Using MySpace for business: an introduction

MySpace is great for creating a presence if yours is a creative business, or for reaching out to and/or researching a fairly young target market. Read on to find out why and how.

What is MySpace?

It's social networking aimed at young(ish) people, combined with various other platforms and sub-sections - in this case video, comedy, celebrity, music, charity ('Find a cause'), urban, schools (universities). It also offers apps, blogging, forums and friend-findings functions, as well as games, instant messaging and mobile content. Users create profile pages and design their own pages - from background, colours and fonts to soundtrack (you can embed a music-player on your page). They connect with each other and keep up-to-date with whichever sections of the site interest them.

Who uses MySpace?

  • Users: approx 125 million per month, international
  • Age and industry: majority are late teens and early twenties. As such, most users' careers' have yet to be defined, but music and fashion have by far the greatest presence

Why would I want that?

  • Targeting people in their late teens and early twenties.
  • Positioning a brand or product as 'cool' (if you can do it right).
  • Viral spread of video or cult-status of a product among young people.
  • Researching youth trends.
  • Well suited to music and fashion businesses.
  • Opening up dialogue with young people.

What's the catch?

  • Older age groups are on MySpace, but typically you risk denting your professionalism if you try communicating with them on there as a business unless you're in the music or fashion industry.

Going to get on MySpace? Here are some words of wisdom:

  • There is no real scope for a business to create a page for itself (although music bands and labels can), although if you are a (relatively trendy) design agency or fashion label there is more leeway and you could get away with it.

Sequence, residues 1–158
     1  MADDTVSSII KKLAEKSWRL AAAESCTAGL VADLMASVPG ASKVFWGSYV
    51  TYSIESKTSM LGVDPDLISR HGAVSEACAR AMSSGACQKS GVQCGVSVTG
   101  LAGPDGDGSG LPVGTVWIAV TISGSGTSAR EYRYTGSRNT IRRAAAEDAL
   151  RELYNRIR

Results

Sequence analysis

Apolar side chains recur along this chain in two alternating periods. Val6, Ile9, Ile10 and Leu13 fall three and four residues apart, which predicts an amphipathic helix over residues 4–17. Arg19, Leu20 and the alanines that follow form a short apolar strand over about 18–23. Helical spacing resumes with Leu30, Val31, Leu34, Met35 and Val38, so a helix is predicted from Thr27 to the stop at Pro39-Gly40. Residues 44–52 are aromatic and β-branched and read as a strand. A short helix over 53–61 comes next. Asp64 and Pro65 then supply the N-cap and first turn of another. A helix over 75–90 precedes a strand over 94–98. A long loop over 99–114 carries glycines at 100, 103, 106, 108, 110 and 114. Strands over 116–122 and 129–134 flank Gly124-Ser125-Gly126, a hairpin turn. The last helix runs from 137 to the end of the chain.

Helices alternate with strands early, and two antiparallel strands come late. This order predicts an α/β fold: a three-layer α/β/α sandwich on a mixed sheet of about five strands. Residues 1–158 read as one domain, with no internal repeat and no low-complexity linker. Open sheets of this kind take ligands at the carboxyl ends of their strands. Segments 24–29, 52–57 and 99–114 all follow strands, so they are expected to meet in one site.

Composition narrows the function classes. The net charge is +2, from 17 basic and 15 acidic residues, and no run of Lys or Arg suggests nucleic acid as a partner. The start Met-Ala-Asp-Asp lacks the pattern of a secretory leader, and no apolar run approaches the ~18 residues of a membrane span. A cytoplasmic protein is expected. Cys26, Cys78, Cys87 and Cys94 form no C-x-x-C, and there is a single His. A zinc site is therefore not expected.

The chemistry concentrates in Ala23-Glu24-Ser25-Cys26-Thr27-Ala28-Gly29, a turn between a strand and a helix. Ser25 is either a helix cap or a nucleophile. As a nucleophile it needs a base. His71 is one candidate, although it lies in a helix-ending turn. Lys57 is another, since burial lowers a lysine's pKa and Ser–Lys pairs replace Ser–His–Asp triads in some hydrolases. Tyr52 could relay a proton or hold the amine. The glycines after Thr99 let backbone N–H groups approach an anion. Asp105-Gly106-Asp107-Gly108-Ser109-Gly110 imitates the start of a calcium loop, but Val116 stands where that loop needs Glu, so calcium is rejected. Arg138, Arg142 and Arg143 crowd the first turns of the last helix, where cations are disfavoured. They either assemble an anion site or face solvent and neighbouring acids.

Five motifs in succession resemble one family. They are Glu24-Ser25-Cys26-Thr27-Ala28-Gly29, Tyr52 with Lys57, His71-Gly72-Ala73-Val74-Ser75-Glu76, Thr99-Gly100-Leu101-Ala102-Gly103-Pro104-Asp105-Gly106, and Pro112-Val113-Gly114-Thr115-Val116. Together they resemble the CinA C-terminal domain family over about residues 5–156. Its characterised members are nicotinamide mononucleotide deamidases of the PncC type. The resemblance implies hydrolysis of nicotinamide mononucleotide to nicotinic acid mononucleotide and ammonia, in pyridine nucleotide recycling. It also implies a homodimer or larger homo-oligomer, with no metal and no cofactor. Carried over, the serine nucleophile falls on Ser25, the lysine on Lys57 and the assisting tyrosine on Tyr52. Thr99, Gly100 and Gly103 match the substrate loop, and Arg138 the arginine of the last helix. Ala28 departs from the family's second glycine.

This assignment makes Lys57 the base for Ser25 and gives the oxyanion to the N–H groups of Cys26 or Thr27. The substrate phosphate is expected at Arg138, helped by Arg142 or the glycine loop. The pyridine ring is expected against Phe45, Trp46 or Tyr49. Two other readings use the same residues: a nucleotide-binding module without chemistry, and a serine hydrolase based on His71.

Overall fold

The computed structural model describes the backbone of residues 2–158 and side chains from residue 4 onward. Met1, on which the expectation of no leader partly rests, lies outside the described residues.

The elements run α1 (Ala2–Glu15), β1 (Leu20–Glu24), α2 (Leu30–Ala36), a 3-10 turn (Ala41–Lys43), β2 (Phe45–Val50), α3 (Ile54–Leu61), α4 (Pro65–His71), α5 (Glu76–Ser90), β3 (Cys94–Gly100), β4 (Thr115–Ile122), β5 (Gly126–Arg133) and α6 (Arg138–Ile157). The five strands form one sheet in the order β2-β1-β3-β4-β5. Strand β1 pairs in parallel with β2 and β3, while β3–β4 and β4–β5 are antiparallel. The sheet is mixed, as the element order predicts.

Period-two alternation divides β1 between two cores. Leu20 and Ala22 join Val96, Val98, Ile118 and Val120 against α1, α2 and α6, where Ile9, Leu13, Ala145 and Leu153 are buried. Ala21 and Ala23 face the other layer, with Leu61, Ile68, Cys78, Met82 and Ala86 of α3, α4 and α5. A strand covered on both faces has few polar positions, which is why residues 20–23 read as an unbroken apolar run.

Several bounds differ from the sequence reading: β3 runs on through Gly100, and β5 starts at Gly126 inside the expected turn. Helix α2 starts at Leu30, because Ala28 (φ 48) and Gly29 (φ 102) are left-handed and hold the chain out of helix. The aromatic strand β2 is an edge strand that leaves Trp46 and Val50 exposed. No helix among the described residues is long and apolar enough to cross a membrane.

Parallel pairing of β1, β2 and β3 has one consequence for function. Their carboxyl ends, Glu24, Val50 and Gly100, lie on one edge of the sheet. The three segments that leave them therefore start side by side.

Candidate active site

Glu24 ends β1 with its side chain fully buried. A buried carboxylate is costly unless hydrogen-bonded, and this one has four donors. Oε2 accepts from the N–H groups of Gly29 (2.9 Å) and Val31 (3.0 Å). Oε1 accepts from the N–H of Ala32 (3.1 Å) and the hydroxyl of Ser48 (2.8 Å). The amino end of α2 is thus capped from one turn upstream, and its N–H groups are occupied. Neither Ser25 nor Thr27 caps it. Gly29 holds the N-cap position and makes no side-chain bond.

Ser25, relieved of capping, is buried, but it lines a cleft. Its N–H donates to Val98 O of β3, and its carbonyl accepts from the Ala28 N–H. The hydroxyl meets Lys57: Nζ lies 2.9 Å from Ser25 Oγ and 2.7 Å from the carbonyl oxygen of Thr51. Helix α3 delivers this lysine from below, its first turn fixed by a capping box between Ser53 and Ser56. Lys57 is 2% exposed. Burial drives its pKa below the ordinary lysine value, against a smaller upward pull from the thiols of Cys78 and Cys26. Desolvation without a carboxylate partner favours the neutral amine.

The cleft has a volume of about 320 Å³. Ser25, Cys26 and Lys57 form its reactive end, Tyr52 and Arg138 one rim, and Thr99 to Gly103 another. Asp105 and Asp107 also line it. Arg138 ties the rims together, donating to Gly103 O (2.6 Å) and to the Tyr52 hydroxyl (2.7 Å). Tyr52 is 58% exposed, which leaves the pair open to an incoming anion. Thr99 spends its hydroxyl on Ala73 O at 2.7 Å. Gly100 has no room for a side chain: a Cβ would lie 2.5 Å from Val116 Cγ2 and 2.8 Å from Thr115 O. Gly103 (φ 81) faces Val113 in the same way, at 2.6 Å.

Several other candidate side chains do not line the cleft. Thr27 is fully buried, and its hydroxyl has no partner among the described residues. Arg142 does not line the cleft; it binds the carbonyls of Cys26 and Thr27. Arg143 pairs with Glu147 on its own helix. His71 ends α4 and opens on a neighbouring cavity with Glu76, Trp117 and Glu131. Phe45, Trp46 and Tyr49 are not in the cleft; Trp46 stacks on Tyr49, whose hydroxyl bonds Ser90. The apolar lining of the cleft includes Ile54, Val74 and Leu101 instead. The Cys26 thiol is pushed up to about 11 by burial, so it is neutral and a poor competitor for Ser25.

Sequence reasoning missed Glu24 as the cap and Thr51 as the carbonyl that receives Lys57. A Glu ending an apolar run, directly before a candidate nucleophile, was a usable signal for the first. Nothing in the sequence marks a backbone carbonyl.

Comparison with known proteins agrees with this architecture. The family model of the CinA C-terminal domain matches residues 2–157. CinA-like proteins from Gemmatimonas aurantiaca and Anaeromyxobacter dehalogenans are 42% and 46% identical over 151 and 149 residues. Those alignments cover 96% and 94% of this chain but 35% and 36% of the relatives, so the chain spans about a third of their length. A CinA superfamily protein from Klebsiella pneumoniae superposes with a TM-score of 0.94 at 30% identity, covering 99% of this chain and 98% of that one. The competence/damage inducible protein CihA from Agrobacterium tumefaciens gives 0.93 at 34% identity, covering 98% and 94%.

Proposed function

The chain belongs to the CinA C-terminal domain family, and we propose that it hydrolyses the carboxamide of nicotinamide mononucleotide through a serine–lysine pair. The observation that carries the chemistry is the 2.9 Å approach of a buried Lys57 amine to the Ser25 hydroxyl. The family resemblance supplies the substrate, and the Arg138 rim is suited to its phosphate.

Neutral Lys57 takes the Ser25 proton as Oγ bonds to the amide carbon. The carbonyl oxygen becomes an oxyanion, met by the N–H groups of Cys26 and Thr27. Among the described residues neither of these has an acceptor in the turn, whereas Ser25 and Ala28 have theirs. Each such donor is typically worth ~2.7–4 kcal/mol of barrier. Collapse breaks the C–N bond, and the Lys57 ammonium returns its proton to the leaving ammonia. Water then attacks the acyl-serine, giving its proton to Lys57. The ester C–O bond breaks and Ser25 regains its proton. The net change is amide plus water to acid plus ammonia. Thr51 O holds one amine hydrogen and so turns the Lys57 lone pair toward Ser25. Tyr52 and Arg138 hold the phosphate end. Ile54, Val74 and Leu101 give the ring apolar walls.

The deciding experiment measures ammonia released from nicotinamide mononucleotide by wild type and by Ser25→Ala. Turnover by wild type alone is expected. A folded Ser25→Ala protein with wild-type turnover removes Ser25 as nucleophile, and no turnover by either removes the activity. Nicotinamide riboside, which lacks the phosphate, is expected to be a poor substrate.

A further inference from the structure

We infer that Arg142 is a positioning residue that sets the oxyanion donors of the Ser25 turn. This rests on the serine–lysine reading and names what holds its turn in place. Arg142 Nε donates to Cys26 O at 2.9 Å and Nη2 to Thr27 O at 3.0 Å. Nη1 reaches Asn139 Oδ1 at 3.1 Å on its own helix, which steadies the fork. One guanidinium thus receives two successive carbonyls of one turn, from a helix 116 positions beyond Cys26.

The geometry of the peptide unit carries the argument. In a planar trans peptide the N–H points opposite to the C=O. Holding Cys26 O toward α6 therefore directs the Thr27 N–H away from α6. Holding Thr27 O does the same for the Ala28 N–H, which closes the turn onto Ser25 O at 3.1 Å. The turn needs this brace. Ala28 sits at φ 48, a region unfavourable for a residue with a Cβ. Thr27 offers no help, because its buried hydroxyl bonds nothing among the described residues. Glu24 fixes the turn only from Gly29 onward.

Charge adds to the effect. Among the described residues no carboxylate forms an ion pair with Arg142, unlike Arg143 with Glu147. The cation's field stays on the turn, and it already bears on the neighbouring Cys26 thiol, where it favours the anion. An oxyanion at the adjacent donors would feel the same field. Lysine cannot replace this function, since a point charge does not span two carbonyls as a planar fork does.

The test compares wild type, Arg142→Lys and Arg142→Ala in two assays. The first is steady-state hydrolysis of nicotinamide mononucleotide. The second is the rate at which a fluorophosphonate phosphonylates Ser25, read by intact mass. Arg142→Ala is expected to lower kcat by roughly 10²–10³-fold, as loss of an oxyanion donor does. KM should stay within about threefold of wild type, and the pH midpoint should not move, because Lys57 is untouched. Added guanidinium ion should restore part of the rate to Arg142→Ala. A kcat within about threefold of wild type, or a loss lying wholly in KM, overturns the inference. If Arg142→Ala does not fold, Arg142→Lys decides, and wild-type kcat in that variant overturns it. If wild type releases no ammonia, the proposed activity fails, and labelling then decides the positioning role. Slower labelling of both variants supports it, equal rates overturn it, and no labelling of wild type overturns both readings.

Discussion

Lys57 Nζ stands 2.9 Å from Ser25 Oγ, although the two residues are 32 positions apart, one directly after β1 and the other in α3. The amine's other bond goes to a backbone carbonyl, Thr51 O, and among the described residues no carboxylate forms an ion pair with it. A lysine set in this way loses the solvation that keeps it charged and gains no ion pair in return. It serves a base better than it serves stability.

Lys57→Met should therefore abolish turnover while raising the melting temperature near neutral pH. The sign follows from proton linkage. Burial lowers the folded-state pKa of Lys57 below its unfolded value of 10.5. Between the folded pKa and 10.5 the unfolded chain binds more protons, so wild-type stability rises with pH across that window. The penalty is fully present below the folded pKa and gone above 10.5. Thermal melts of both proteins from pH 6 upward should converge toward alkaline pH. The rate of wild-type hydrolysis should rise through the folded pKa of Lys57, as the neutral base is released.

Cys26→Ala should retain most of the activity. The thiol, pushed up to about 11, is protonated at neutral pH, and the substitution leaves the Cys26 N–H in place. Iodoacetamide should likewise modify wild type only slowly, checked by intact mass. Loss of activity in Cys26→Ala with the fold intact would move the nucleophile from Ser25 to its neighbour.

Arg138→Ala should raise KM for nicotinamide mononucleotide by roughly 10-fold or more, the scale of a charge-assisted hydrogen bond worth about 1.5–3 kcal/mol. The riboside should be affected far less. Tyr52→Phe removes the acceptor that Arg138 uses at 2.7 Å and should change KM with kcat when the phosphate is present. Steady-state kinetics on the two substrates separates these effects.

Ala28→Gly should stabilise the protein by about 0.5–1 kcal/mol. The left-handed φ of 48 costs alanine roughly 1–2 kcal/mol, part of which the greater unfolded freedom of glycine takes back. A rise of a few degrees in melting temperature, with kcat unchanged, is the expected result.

• What that really leaves you with is the option for researching a young target market, and our advice on Bebo all applies in much the same way. However, MySpace does provide different features which can be used to some advantage. Its rampantly popular Music section provides a key insight into trends (look at the clothes, attitudes and cultures of music your target audience's tastes, beyond just the sounds artists are making).
  • Find a Cause can work as a useful starting point for any social-enterprise linked campaigns you're thinking of initiating, and Celebrity and Comedy may offer up personalities or trends in communication for larger-scale campaigns. Although if you're getting into the realms of celebrity endorsement, you almost certainly need to get an ad agency on board.
  • Usefully, MySpace offers the opportunity to create adverts in a fairly similar fashion to Facebook - called MyAds. Although it's still in Beta, the level of targeting MyAds offers makes it well worth a look. You can advertise to users not only according to their age, location and gender, but also targeting their music interests, hobbies, sports they do, and so on - a fairly astonishing level of sophistication.
  • You pay for ads using pay per click, but can set a daily budget - actually a very fair way of doing business. If the MySpace audience is your target and you know your target customers' profile well enough to capitalise on this level of targeting, it's definitely worth trying this service out. Monitor it closely though to see what results your spend is producing. You can read more about advertising on MySpace in this Business Week feature.
  • If you're the same age as the market you aim to target on there, you should create yourself a page. Again as with Bebo, identify a group of people who epitomise your target customer, and draw from the type of design they tend towards to design your own page.
  • As image and expression are so key here, it's worth researching your target customer perhaps more fully than a business would were it publicising itself elsewhere - you need to make sure the soundtrack, the language you use, the interests you hold and the bands you like are in tune with your target audience if you truly want to integrate yourself with them to open up conversations with them. This may sound contrived, and perhaps it is - but you need to discern how much you want to appeal to your target customers as an individual in order to get them buying from you.


The norm on MySpace is to leave your profile fully open, and if you're trying to attract attention, this is definitely the way you want to go.

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